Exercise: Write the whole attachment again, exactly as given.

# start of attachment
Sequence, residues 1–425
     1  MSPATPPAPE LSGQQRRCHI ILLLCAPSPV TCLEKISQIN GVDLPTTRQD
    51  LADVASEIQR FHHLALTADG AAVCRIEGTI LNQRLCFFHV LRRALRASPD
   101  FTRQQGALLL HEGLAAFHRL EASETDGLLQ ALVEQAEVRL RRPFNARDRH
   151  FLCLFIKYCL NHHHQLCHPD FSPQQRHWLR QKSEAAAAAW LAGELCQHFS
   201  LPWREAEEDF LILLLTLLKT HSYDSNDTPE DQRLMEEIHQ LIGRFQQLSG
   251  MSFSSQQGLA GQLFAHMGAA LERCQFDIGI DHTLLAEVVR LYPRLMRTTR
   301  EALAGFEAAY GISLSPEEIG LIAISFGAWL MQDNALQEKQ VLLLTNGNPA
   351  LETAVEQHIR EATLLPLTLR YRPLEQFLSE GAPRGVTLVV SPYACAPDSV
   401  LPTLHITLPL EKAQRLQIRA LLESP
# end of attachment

Sequence, residues 1–425
     1  MSPATPPAPE LSGQQRRCHI ILLLCAPSPV TCLEKISQIN GVDLPTTRQD
    51  LADVASEIQR FHHLALTADG AAVCRIEGTI LNQRLCFFHV LRRALRASPD
   101  FTRQQGALLL HEGLAAFHRL EASETDGLLQ ALVEQAEVRL RRPFNARDRH
   151  FLCLFIKYCL NHHHQLCHPD FSPQQRHWLR QKSEAAAAAW LAGELCQHFS
   201  LPWREAEEDF LILLLTLLKT HSYDSNDTPE DQRLMEEIHQ LIGRFQQLSG
   251  MSFSSQQGLA GQLFAHMGAA LERCQFDIGI DHTLLAEVVR LYPRLMRTTR
   301  EALAGFEAAY GISLSPEEIG LIAISFGAWL MQDNALQEKQ VLLLTNGNPA
   351  LETAVEQHIR EATLLPLTLR YRPLEQFLSE GAPRGVTLVV SPYACAPDSV
   401  LPTLHITLPL EKAQRLQIRA LLESP